The population of older adults (those over 65) is growing rapidly, and will account for 20 percent of the population by 2030. Unfortunately, oncologists are ill prepared for this demographic shift, as older adults have been under-represented on cancer clinical trials that have set the standard of care.
Ovarian cancer has an age-related increase in incidence and a twofold increased risk of death in women older than 65 years of age. (1) There have been various theories proposed to account for this survival disparity including more-aggressive cancer with advanced age, inherent resistance to chemotherapy, individual patient factors such as multiple comorbidities, and physician and healthcare biases toward the elderly, which lead to inadequate surgery, less than optimal chemotherapy, and poor enrollment in clinical trials.
We retrospectively reviewed the outcome and toxicity differences seen in 620 patients (70 years of age and older) enrolled on Gynecologic Oncology Group (GOG) study 182, a large phase III trial studying triplet-chemotherapy regimens for patients with newly diagnosed ovarian cancer. We found that older patients had poorer performance status, lower completion rates of chemotherapy, and increased toxicities, particularly grade 3+ neutropenia and grade 2+ neuropathy. Older women had significantly shorter overall survival (37 vs. 45 months, P<0.001), consistent across all regimens and adjusted for major prognostic factors. (2)
A French study illustrated the potential for a geriatric assessment (GA) to predict chemotherapy toxicity and overall survival in elderly patients with advanced ovarian cancer.3 Three factors were independent predictors of significant toxicity: symptoms of depression at baseline, dependence, and Eastern Cooperative Oncology Group (ECOG) performance status < 2. (3)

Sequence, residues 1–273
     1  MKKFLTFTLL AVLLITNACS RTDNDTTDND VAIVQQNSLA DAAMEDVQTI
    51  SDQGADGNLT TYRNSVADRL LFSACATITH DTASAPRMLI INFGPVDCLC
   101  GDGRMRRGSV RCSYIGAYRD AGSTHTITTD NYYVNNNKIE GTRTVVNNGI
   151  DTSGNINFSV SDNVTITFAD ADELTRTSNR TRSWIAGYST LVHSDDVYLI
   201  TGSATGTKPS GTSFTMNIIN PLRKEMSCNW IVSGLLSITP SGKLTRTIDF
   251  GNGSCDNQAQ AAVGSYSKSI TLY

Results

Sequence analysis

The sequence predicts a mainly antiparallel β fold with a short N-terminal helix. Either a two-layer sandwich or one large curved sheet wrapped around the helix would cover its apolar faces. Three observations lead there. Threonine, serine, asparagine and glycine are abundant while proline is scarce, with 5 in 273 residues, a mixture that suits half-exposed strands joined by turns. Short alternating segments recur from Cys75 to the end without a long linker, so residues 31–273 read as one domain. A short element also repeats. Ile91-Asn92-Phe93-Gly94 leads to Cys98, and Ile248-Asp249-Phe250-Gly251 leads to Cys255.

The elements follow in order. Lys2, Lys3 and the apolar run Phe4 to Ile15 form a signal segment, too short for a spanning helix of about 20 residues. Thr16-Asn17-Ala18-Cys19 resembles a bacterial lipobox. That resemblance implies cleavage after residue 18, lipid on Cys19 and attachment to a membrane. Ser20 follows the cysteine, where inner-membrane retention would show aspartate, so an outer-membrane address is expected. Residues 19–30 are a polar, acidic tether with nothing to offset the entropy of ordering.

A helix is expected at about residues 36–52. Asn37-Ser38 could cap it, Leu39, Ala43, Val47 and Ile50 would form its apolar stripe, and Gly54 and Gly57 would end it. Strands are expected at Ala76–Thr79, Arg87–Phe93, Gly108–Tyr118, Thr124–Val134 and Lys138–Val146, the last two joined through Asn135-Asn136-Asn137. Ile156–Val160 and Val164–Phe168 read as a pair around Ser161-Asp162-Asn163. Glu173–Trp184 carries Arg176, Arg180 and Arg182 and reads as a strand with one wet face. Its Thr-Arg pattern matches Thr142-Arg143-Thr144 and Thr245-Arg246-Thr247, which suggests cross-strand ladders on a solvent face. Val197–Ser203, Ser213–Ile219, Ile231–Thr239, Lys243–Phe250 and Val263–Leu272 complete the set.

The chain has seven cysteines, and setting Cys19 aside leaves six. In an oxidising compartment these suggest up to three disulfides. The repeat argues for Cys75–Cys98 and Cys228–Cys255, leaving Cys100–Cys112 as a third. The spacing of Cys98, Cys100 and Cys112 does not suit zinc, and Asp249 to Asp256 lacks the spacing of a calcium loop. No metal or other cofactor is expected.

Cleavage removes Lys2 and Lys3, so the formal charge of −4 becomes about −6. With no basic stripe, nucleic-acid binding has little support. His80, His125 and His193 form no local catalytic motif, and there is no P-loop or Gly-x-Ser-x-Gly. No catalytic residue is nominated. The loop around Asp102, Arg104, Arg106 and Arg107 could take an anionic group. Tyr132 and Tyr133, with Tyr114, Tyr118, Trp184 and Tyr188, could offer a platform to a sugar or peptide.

A cancer-specific GA was developed through the Cancer and Aging Research Group. The GA included validated measures for functional status, comorbid medical conditions, cognition, psychological state, social functioning, social support, and nutrition (Table 1). This GA is quick and mostly self-administered. In a large 500-patient study, we developed a predictive model and risk factors for grade 3-5 chemotherapy toxicity that included: 1) age ≥ 73, 2) cancer type (gastrointestinal and urologic cancer), 3) standard chemotherapy dosing, 4) poly-chemotherapy regimens, 5) falls in past six months, 6) assistance with instrumental activities of daily living (IADL), and 7) decreased social activity. (4)
We are currently conducting a prospective trial to determine the benefits of this GA for women older than 65 years with newly diagnosed advanced ovarian cancer. The study is supported through a National Comprehensive Cancer Network (NCCN) award. Patients will undergo a geriatric assessment at four time points during their chemotherapy and debulking surgery (Figure 1). Toxicity and outcomes will be monitored. The goal is to determine whether geriatric variables can predict toxicity. In addition, half of the patients will receive a weekly telephone call from a geriatric nurse who will reinforce medication compliance, offer psychosocial support, and facilitate appropriate referrals. Quality of life, use of care, and satisfaction parameters will be compared to those patients receiving standard oncology care alone. Ultimately, these results will aide the NCCN-Senior Adult Panel with the development of guidelines for the integration of a GA and nurse telephone interventions into an oncology practice.